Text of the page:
WASHINGTON – In a recent blog post on the Consumer Financial Protection Bureau (CFPB) website, the Assistant Director for the Ofﬁce of Fair Lending and Equal Opportunity, Patrice Ficklin, said the agency will be paying more attention to non-mortgage loans, and specifically called out auto loans.
The post says the CFBP is looking for signs of illegal discrimination. The post, titled “Fair Notice On Fair Lending,” states that under the Equal Credit Opportunity Act (ECOA), it’s against the law for a creditor to discriminate against an individual because he or she receives public assistance income or exercises any rights under the Consumer Credit Protection Act. This is in addition to any kind of discrimination based on race, color, religion, national origin, sex, marital status, or age (assuming the individual is old enough to legally enter into contracts).
“Today we are giving fair notice on fair lending,” Ficklin wrote, in part. “We are letting both lenders and consumers know that in our examination and enforcement work, we will combat unlawful, discriminatory practices — including those that have an illegal disparate impact on protected borrowers. We will look not only at mortgage lending, but also at other types of credit including student loans, loans for cars, and credit cards.”
Blair Rugh, a banking law expert and head of TriComply, a lender technology provider, commented on the blog post in his company's 2012 TriComply Compliance Conference Bulletin. Critical of her background, he described Ficklin as a “Harvard-educated attorney” who worked most recently with a civil rights law firm. He added that she worked at Fannie Mae, where her work involved fair lending, fair housing, consumer law advice, and employment issues.
“Based on her background, it is a pretty safe presumption that she has a predetermined bias against lenders,” Rugh said.
He also said any lending practice that has more of a negative effect on moderate- to low-income individuals can be deemed illegal by the CFPB due to the greater percentage of “protected class” individuals in those income brackets.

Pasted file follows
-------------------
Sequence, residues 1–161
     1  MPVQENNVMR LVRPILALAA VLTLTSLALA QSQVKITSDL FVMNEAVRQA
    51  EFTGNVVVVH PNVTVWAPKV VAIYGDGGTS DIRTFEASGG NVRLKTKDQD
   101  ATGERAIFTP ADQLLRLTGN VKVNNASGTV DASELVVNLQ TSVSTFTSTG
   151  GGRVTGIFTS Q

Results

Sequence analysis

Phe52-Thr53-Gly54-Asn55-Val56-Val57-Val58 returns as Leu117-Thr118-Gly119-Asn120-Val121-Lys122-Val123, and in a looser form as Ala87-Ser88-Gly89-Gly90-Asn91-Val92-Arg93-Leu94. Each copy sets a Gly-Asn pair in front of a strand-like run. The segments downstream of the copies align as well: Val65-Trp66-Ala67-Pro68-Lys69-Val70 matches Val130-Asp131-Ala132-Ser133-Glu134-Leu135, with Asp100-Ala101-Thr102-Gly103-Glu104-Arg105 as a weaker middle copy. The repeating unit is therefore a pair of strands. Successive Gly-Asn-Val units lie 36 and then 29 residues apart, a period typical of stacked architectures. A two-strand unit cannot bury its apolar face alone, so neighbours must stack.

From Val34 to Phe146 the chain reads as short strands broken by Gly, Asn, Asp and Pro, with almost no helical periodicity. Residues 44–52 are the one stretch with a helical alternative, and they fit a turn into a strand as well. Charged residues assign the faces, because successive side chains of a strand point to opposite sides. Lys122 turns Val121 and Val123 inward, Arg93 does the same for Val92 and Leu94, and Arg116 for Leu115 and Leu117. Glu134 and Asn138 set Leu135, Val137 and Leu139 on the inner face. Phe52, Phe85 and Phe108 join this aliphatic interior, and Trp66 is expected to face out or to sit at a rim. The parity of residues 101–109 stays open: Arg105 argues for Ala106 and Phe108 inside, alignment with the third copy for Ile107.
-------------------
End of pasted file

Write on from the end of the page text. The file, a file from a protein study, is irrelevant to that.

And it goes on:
One type of lending that’s been in the crosshairs of various state legislatures and agencies is the buy here, pay here segment, which the CFPB also is paying close attention to. After an LA Times news story came out about BHPH dealers last fall, the bureau’s Director Richard Cordray said the organization would look into the practices of BHPH dealers. That story also prompted California legislators to introduce three new bills to regulate the segment.
The legislation is quickly making its way through that state’s legislature. For example, state Senator Ted Lieu (D-Torrance, Calif.)'s S.B. 956, which would cap auto loan rates at 17.5 percent, was passed by a 3-2 vote by the Senate Judiciary Committee on April 24. The bill now heads to the Senate Appropriations Committee.
The second bill, AB 1447, which was introduced in January by California Assembly Member Mike Feuer (D-Los Angeles), was passed by a 8-2 vote in the Assembly Judiciary Committee on the same day. It now heads to Assembly Appropriations Committee. If passed, the bill would prohibit dealers from installing payment assurance devices, among other mandates. The third bill , championed by Assembly Member Bob Wieckowski (D-Fremont), also passed by 6-3 committee vote in the Assembly Judiciary Committee and also heads to the Assembly Appropriations Committee.
The BHPH market in California achieved $16.5 million in gross sales and moved 2.5 million units, according to CNW in its April newsletter.
Although California is a hot spot for legislation related to the lending practices of BHPH dealers, it’s not the only state taking a hard look at hte practives of BHPH dealers. In Ohio, the state’s Attorney General Mike DeWine filed lawsuits against two car dealerships that charge the dealers and their owners with multiple violations.
In response to the heightened scrutiny dealers, in general, are under, TriComply’s Rugh said every institution should review its lending practices and prove that they don’t have any adverse impact on consumers.
“When you hear the tornado sirens go off, that means you should take shelter,” said TriComply’s Rugh.
By Greg Basich
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